Gus Malzahn’s Offensive Philosophy

– [Voiceover] Next thing’s the insights before implementation. The first thing, you have
to be an average or better offensive team to make this work. If you’re not an average football team, then you’re just gonna link the game and you’re gonna be worse,
but if you’re at least average pick up some first
downs and score some points this definitely is for you. You do not have to be a passing team to make this thing work. You could run the wishbone, the wing-t, the run and shoot,
remember it’s a philosophy, it’s not an actual offense. We’ve thrown for all
kinds of amounts of yards and had some great
quarterbacks this past year. We ran the football
probably 75% of the time and it was real successful, ended up going to state championship game. So, it does not make any
difference what your offense is, it’s a philosophy,
you can make it work. Now one thing here, you can’t worry about time of possession and
I know that old coaches, field position, time possession, this is thrown out the window. We’re just concerned
about offensive snaps. You can look, we had four state
championship games in a row and you can look at the
different times of possession. ’97 we lost 54-30, we
had the ball for 13:28. In ’98, we won 49-14
and we had it for 15:27. ’99 we won 47-35, had it for 14:13. In 2000 we got beat
30-29, had it for 16:31. So, you can kind of see it
doesn’t make any difference about time of possession. They’re real pretty close, the wins loss, it’s just number of snaps. In ’98 I believe we had the
ball for eight minutes and 22 seconds of a 48 minute
game and end up winning 42-21. So time of possession
doesn’t mean a thing to us. Next point, can’t worry
about defensive stats and this is big because I know
in our profession a defensive coordinator is the way they
move up to head coaches or move up to other jobs is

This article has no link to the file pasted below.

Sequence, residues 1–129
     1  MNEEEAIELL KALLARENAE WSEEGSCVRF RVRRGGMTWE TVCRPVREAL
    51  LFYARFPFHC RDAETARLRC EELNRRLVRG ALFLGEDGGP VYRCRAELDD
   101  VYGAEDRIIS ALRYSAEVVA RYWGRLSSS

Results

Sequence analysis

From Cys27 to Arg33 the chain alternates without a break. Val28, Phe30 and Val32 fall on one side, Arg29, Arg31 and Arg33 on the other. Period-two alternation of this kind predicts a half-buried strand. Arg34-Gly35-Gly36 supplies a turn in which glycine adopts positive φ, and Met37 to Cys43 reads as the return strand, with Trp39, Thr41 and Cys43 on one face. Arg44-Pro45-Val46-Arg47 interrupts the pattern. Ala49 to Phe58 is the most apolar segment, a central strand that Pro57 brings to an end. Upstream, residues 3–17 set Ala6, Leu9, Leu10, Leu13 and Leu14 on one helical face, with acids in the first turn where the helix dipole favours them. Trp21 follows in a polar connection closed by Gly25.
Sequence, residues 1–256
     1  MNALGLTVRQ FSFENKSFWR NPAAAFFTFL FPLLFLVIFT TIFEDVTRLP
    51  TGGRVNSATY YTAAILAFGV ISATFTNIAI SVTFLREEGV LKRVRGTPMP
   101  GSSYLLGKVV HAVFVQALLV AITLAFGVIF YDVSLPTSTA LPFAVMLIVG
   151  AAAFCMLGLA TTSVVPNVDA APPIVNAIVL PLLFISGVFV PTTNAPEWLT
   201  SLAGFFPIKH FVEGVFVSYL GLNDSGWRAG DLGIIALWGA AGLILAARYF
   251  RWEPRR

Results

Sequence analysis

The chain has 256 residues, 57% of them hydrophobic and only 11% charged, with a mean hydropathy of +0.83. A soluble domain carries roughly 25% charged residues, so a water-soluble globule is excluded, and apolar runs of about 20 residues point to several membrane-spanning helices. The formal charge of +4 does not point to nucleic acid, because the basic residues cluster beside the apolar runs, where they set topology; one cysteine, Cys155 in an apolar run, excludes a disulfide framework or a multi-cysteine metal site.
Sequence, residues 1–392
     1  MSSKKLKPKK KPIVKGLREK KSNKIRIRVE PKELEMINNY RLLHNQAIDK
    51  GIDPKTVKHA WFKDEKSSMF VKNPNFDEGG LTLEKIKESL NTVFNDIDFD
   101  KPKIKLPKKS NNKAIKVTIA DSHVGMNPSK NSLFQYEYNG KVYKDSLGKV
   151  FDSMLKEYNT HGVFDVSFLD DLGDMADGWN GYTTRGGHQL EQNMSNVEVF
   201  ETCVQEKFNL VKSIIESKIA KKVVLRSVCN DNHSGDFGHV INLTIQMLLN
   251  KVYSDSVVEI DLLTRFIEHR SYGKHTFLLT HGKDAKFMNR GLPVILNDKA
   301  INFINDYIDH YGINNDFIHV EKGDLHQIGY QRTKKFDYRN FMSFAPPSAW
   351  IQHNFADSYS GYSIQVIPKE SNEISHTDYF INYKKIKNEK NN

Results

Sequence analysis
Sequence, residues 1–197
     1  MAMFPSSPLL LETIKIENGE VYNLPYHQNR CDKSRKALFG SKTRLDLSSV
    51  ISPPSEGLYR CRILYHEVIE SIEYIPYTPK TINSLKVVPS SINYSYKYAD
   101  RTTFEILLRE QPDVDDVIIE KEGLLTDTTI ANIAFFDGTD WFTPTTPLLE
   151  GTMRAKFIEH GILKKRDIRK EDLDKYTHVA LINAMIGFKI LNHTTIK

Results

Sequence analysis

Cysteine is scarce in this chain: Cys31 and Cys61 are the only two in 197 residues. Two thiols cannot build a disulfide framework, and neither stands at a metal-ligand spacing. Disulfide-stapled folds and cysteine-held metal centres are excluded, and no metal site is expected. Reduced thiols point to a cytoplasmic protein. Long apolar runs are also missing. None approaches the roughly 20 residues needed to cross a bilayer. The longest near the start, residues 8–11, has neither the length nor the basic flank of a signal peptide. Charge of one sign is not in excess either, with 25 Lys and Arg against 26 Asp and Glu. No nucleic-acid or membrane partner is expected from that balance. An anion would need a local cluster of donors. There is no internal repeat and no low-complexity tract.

through defensive stats, but my defensive
coordinator was the same way at the very first in ’97, the first year, but after he saw the advantage it gave us, now he’s wearing a few rings, I would definitely say that’s
he’s say it’s the best move we ever made but at first
he was real apprehensive and I understand that. So you just have to talk to
your defensive coordinator and understand that your link
to the game to five quarters so the stats, you just gotta readjust your defensive stat chart. The next is players have
to be in great shape. Our guys, we run the same amount week one all the way to week 14. And the reason I think this
is if you think about a track runner and he’s gearing
up for the state championship, he’s not gonna slow down at the end like a lot of football teams do so we kind of use that same philosophy. We wanna be in great shape, we’re gonna practice the
hurry up at a fast pace and all of our drills and
at the very end we’re gonna run gassers and do some different things. Your kids buy into being in great shape and the first time they see
it as such an advantage, then you won’t have to
worry about your players running hard at the end of
practice or during practice. Next point, offensive staff
has to be prepared to make quick decisions. Now, our offensive staff is
not smarter than anybody else’s but the advantage we feel like we have is we are used to thinking quick. We do have a system we’ll be
talking about here in just a minute where it’s a
fairly organized system where the play caller or
offensive coordinator, running game coordinator,
all gets together and with also with a booth coach. The next point, you have
to be committed to it. At the very first, it may be some growing pains for some of you. And I really think the main
thing, it’s easy for kids, but as coaching staff it’s